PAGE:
"Be on guard so that your hearts are not weighted down with dissipation and drunkenness and the worries of this life, and that day catch you unexpectedly, like a trap. For it will come upon all who live on the face of whole earth. Be alert at all times, praying that may have the strength to escape all these things that will take place, and to stand before the son of the man." (21:34-36)

It is not difficult to see real perils in that warning, perils that threaten the very viability of life on earth today. Global warming, the ozone hole, overpopulation, starvation and malnutrition, war, unemployment, the destruction of species and the rain forests, pollution of water and air, pesticide and herbicide poisoning, errors in genetic engineering, erosion of topsoil, overfishing, anarchy and crime, terrorism, the possibility of a nuclear mishap: together, or in some cases singly, these dangers threaten to "catch us unexpectedly like a trap." Our inability thus far to measure ourselves against these threats in an ominous portent that apocalypse has already rendered us powerless.
We are living in an apocalyptic time disguised as normal, and that is why we have not responded appropriately. (italics his) p. 160-1

He concludes the chapter with this:

To summarize, I see eschatology as a line stretching to the distant, possibly infinite, future. This is the horizon of hope, possibility, and becoming. I see apocalyptic as a detour, caused by an immediate crisis threatening whole societies. Negative apocalyptic paralyzes, positive apocalyptic energizes. When the crisis passes, normal eschatology is reinstated. Our situation today is unique in that, this time, the crisis may not pass. p. 165

My point in introducing Wink's work is your final question to me:

Frankly, John, I don’t see why you seem to feel the need to separate the New Testament explanation of the meaning of the crucifixion and the resurrection from the call to live for peace and justice. I suspect it has something to do with your ideas of the cosmology of the 1st century as compared to the cosmology of today and with your ideas about being a progressive. Maybe you can explain this to me because I just don’t see the contradiction.

1) I think the New Testament is diverse regarding the meaning of the crucifixion and the resurrection. At times it is eschatological, at times apocalyptic, and at times anti-apocalyptic. Their crisis was the War of 66-70. They viewed it variously.

2) I reject the negative apocalyptic which basically goes something like this: The Earth will end in a violent catastrophe. That is how God has planned it. Nothing to do about it except to put on my rapture bloomers and wait for Jesus to beam me up to that heavenly speedway. My goal as an apocalyptic Christian is to get everyone else to believe in the death and resurrection of Jesus so they can join me in my great escape.

3) The eschatological view goes something like this: The Earth is getting worse, but reason will prevail. It will all work out, God is control. The death and resurrection of Jesus is about coming to a new sense of consciousness and personal transformation. While I am usually here, I now believe that we are in a time in which the eschatological view is not enough to deal with the present crisis.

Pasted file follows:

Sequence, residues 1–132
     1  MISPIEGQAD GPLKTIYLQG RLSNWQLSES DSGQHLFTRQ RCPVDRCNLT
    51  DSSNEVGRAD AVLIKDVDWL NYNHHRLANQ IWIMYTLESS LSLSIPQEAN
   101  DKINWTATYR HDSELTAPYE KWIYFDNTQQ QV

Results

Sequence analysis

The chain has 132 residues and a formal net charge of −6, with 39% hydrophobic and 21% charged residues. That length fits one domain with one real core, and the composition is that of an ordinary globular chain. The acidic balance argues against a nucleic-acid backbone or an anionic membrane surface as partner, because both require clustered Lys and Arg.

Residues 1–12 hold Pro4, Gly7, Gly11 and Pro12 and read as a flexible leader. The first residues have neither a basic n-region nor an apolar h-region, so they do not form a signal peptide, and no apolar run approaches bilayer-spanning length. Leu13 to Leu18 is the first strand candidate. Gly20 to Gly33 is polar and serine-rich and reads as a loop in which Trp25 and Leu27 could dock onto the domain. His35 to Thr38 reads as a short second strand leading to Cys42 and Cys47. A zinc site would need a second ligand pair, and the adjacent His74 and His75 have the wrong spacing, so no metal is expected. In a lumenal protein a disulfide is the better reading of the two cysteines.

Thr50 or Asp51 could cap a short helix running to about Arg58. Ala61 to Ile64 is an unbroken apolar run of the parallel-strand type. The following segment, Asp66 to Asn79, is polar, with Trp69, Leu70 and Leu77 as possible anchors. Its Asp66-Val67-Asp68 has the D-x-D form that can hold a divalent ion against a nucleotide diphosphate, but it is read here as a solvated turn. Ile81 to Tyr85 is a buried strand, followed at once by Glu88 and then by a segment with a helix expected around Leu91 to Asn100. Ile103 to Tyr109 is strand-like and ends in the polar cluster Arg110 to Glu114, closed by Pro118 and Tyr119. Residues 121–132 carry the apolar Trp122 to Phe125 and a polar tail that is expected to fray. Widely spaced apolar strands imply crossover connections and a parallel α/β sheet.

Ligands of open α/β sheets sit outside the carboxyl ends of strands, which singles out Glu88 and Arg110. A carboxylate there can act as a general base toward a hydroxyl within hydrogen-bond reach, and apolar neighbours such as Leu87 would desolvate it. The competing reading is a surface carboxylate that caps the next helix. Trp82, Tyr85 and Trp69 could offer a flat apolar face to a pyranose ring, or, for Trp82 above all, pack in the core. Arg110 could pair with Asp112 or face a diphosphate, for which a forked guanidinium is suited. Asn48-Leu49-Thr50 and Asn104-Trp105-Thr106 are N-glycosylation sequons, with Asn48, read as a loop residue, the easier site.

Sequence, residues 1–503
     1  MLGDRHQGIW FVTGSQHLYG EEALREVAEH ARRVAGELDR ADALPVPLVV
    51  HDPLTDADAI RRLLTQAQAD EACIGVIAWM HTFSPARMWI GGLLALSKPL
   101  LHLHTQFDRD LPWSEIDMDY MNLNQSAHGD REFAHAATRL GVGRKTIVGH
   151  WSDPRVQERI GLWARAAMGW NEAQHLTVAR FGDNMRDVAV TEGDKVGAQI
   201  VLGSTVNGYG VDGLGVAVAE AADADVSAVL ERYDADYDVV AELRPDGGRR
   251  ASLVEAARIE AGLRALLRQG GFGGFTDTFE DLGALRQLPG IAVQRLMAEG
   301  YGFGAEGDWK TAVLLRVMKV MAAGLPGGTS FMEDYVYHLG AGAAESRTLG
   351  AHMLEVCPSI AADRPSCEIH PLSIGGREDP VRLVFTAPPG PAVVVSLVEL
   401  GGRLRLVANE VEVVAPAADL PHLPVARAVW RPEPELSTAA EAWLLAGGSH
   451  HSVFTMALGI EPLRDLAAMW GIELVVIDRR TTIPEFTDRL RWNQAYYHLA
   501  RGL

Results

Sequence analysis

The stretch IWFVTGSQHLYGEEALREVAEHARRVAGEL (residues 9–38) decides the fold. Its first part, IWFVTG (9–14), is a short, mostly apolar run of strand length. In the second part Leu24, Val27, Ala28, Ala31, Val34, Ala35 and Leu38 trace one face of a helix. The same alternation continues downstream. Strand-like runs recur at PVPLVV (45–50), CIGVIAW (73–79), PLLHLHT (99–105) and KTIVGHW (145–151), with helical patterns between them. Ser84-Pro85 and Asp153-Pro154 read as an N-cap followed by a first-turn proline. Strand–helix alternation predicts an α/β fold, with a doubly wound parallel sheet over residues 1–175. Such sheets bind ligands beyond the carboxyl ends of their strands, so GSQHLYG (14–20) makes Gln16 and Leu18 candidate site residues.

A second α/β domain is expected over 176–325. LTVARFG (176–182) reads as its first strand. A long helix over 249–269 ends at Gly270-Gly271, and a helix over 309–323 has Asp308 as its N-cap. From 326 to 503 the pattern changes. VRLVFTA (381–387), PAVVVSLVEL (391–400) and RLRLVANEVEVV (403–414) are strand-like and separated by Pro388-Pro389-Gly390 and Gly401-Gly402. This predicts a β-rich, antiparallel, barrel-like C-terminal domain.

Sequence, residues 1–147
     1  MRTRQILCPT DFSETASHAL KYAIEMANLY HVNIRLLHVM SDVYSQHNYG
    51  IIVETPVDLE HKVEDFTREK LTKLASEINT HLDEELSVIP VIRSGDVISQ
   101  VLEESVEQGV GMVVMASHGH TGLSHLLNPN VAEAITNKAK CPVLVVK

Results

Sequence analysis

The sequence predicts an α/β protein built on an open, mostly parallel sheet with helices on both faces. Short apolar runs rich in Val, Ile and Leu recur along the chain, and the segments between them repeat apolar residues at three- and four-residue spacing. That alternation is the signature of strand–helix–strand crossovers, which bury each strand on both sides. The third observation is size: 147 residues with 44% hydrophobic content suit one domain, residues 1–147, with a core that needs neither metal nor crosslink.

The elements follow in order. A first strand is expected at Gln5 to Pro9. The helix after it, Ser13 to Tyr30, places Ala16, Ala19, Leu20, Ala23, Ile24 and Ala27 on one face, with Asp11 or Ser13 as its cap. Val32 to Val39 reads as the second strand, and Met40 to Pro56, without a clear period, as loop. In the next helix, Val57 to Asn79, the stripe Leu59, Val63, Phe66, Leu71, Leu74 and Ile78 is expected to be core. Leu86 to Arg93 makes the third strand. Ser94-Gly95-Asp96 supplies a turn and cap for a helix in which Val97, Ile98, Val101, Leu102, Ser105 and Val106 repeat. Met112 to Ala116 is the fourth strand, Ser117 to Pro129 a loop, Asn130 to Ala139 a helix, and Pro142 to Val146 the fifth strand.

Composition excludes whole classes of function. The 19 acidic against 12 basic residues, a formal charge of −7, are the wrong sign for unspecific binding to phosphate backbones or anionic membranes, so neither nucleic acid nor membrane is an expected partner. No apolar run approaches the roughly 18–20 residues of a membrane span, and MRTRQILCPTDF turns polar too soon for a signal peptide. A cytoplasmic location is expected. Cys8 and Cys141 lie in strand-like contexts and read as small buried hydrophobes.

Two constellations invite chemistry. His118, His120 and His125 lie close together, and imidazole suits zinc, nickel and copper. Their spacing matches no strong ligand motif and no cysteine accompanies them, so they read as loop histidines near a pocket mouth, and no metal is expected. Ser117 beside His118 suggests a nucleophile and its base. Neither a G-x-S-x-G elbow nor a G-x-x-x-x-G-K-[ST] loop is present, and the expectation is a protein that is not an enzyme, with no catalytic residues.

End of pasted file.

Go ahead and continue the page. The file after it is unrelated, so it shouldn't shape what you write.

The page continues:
4) I am becoming more and more convinced that the church needs to be anti-apocalyptic. An example is Al Gore and his warnings about Global Warming as well as the Peak Oil prophets who are all telling us that civilization is toast perhaps in our generation. Not only that, but I live in a country that thinks it is perfectly normal to maintain 10,000 nuclear warheads, that if used would leave the planet desolate. Those who continue to warn us about nuclear catastrophe are anti-apocalyptic. In this view, God has not planned this destruction. It is not God's will. Yet, God is not going to save us from our stupidity if we continue to be stupid. If we decide that ecocide is a swell idea, God will shrug and say, "Hmmm. Human beings. That was an interesting evolutionary development." A dead Earth will continue to revolve around the sun for hundreds of millions of years with no humans to enjoy it. God wants us to wake up, face the reality and respond. God is speaking through the anti-apocalypticists in order that we might change. But if we do not change that is where we are headed. The death and resurrection of Jesus is the courage to take risks and speak the truth to the powers who continue to set a course for our destruction.

5) I have no need of living after I am dead. I really do not care if my consciousness, body, spirit, soul, or spleen survives my death. I reject fanciful notions such as eternal heaven and eternal hell as dogmas invented by the church to control its sheep. It is used today to keep us passive and to serve the powers of our destruction. I care greatly that my life will contribute in some way toward future generations having a life.

6) Where is my hope? My hope is in the remarkable story of Jonah. He was anti-apocalyptic and he knew it. He told the people of Nineveh to wake up and repent or God would destroy them. Surprise! They did repent and God did not destroy them. That was why Jonah was so grumpy. He was proved a liar! I want to be proved a liar. But that will not happen unless we wake up and change direction.

To answer your question, I do think that the stories about Jesus in the Bible, including his death and resurrection are about action for peace and justice, if we use them correctly.